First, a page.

He views service as an essential part of a Stanford education.

“You’re receiving a phenomenal education here at Stanford, then the service gives you an opportunity to really be able to apply it and grow, not only as a student but as a person, as a citizen of the world who is interacting with others on a day to day basis,” he said.

In many ways, Haas intended Cardinal Service to support a tradition of service that already existed, both at the Haas Center and Stanford as a whole, rather than build an entirely new infrastructure.

“A lot of programs that exist within Cardinal Courses and Quarter and Commitment and Careers are programs that we’ve been developing and building upon for decades,” Beck explained.

Ornelas agreed that Cardinal Service’s main function has been to consolidate and organize service at Stanford, rather than to drastically change how it operates. Ornelas recalled that he did not see any big shift on campus when Cardinal Service was introduced, but rather sees Cardinal Service as providing a formal structure for students to participate in public service.

“When Cardinal Service came around, it was more about, ‘Now there’s this support system around [service], and there are even more opportunities, and they are solidified,’” Ornelas said.

Some students believe that not enough is being done to attract students to public service. Alexis Kallen ’18, chair of Stanford in Government, argued that participation in public service is more common in certain segments of the Stanford community than in others.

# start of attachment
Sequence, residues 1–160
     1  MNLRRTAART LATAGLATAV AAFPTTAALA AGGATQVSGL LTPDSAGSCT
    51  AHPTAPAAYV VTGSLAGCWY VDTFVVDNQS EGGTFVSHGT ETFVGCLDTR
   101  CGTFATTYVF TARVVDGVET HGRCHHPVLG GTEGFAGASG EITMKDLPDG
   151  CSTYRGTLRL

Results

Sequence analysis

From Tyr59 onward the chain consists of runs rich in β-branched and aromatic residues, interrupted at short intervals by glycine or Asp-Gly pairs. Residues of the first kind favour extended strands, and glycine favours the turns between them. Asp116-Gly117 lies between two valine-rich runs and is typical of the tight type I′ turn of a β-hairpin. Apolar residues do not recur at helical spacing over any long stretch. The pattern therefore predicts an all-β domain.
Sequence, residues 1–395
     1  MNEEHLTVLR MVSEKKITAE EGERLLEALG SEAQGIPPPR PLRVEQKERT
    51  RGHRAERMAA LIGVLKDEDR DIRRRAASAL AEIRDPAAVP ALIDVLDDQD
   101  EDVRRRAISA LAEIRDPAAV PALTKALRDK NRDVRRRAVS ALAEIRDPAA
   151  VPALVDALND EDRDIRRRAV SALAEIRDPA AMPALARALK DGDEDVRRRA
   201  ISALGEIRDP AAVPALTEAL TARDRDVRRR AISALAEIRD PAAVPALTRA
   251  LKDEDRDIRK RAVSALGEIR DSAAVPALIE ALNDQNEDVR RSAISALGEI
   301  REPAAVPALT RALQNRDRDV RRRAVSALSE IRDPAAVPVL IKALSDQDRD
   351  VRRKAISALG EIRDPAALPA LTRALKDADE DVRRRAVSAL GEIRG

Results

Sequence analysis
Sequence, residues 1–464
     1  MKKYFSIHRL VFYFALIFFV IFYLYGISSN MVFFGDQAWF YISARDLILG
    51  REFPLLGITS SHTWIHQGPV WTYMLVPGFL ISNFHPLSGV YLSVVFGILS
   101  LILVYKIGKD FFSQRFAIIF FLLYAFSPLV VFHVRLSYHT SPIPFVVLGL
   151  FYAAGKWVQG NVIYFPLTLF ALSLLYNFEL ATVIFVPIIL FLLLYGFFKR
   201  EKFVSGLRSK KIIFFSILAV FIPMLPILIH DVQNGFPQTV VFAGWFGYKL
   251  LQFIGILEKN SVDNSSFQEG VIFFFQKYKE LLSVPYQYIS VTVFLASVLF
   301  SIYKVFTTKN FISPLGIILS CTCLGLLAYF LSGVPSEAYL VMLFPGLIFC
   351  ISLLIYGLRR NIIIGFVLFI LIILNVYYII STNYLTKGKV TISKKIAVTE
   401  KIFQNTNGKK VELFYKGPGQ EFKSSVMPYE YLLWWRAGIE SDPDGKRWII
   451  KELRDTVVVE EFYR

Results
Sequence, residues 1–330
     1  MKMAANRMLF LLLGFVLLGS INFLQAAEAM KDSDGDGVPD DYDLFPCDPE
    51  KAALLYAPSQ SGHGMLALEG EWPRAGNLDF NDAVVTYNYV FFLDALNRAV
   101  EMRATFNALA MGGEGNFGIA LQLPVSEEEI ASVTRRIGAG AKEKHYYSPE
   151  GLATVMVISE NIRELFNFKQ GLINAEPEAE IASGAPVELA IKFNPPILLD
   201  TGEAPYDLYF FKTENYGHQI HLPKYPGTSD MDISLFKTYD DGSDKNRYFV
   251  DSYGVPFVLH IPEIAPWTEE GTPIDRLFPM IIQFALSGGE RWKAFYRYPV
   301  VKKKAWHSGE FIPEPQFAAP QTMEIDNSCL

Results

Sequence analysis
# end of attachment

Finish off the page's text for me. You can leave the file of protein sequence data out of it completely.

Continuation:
“While there are a large number of students involved with the Haas Center, Stanford puts a huge emphasis on the STEM fields,” Kallen said, adding that Stanford “should make more of an effort to involve [STEM fields] in public service.”

Kallen says that Stanford can do a better job of promoting service opportunities to students in fields that track largely into for-profit jobs such as tech and finance.

“There should be Cardinal Courses in way more majors and [the University should] engage Stanford students more intimately in solving global issues with our leading technology and research,” Kallen said.

Beck, however, says that in her experience, “it’s students in every major and discipline, students from every background” who engage in service at Stanford.

Beck also made clear that the Haas Center’s primary goal is not to simply track and increase the number of students involved in public service at Stanford.

“We like to focus on the quality of the service that we’re doing, rather than spending a mass amount of effort counting, quantifying,” Beck said. “We do some of that, but we’re really looking at improving the quality of opportunity for students to engage in service.”

Kallen attested to the value of public service in her own time at Stanford.

“Public service has been a crucial part of my Stanford career, and becoming a leader of policy as public service at Stanford really helped me form my life path and goals,” Kallen said. “No matter what you’re studying or interested in, every Stanford student should engage in public service here at some point to understand how their field can be used to help others.”

 

Contact Nohemi Davila at nohemi ‘at’ stanford.edu.